biotechnology-biomaterials-dental-screws

Figure 4: Boxplot representations of (a) depth and (b) width values distributions on Ti5 samples (white boxes) after treatments and on commercial dental implant surfaces taken as references (dark grey boxes). A3.3 and A4.1 are TiO2 blasted dental screws of different diameter (3.3 and 4.1 mm); B3.5 and B4.0 are corundum blasted dental screws of different diameter (3.5 and 4.0 mm).

Ti2 and Ti5 samples have been projected as points into planes whose coordinates are represented by shape-ratio vs. depth values: these graphs allow clustering together samples that share similar surface characteristics. With respect to Ti2 samples, it is possible to identify the combination of treatments (T7) responsible for the production of morphological characteristics very similar to those measured on reference surfaces (commercial implants): the corresponding points on the plane are clustered together (Figure 5a). On the other hand, clustering is not unambiguous for T5 samples (Figure 5b): this hampers the identification of a single treated surface similar to references.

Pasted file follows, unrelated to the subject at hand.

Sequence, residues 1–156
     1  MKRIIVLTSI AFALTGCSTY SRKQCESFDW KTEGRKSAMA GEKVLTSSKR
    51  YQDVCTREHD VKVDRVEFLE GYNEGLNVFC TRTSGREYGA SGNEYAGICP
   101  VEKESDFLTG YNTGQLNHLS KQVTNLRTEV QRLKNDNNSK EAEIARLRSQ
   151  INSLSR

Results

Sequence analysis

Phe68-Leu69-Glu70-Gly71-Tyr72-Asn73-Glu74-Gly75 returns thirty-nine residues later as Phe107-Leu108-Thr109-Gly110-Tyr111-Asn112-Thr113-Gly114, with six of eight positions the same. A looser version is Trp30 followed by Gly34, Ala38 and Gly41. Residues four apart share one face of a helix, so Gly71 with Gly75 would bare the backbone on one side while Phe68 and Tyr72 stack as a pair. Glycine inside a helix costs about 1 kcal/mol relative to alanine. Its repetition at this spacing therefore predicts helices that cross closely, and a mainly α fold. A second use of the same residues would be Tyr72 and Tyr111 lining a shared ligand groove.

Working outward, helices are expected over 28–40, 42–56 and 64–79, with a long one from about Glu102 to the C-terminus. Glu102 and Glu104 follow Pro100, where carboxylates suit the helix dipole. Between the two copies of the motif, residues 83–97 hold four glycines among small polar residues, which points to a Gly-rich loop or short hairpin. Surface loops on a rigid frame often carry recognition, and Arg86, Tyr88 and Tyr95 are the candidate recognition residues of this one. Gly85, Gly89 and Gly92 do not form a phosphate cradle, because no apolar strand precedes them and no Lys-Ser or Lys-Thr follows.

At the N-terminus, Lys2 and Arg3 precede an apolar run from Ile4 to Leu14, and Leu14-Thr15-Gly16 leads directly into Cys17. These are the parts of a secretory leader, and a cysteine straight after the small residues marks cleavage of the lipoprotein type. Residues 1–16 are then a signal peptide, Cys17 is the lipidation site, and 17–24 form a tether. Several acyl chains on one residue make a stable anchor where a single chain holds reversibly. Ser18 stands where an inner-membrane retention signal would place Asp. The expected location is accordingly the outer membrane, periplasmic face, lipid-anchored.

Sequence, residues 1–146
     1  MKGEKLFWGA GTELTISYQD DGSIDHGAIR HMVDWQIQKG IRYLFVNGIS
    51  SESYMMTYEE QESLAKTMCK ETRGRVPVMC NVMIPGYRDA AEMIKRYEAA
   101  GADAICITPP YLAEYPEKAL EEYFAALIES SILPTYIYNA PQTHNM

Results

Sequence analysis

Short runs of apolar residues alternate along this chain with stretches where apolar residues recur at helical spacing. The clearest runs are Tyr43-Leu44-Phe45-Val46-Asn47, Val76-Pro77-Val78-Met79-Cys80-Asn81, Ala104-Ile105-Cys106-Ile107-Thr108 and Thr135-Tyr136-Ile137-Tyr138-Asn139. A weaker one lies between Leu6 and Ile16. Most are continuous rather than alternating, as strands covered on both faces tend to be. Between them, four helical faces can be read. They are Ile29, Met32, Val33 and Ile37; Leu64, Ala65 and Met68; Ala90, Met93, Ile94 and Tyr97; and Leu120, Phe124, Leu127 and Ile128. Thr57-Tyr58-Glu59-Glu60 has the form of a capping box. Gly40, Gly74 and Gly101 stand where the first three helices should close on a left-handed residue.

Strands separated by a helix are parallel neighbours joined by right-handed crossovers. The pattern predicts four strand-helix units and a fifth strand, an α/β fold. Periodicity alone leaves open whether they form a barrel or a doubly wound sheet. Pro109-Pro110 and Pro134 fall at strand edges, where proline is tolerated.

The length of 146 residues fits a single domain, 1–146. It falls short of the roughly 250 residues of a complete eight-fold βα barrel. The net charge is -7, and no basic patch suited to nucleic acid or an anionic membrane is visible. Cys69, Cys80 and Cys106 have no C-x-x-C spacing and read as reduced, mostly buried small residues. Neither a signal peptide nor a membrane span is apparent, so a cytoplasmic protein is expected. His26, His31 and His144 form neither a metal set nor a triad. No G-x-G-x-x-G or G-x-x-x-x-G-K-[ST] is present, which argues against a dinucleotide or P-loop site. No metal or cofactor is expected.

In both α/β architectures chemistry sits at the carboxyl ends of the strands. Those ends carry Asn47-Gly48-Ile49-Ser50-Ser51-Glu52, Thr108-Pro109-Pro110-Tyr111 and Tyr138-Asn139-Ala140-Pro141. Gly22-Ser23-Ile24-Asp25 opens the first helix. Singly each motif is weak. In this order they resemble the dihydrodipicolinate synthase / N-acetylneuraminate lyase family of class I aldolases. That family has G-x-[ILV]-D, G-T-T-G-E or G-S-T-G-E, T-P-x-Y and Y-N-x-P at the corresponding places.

biotechnology-biomaterials-Ti5-samples

Figure 5: Projections of (a) Ti2 and (b) Ti5 samples on shape ratio vs. depth plane: commercial dental implants (references) are indicated with dark grey dots.

It is worthwhile mentioning a further result concerning the relation between bending diameter and conditions of acid attack; a linear behavior correlates bending diameter values and the duration of the attack but with opposite trends on Ti2 and Ti5 surfaces (Figures 6 and 7). In particular, on Ti2 surface at acidic mixture boiling point, longer the duration of the attack, higher is the bending diameter values (R2=0.98). The amount of the attack is quantified in 17 μm/min. With regard to the Ti5 samples treated at room temperature, bending diameter values decrease while increasing the duration of the attack (R2=0.97); using stronger acidic conditions, the rate of the attack increases from 1.6 up to 2.2 μm/min.

biotechnology-biomaterials-bending-diameter

Figure 6: Linear relation (R2=0.9892) between bending diameter values and the duration of acid attack for Ti2 samples.

biotechnology-biomaterials-mild-strong-conditions

Figure 7: Linear relations between bending diameter values and the duration of acid attack for Ti5 samples under mild and strong conditions (R2=0.9767 and 0.9782, respectively).

Profilometry data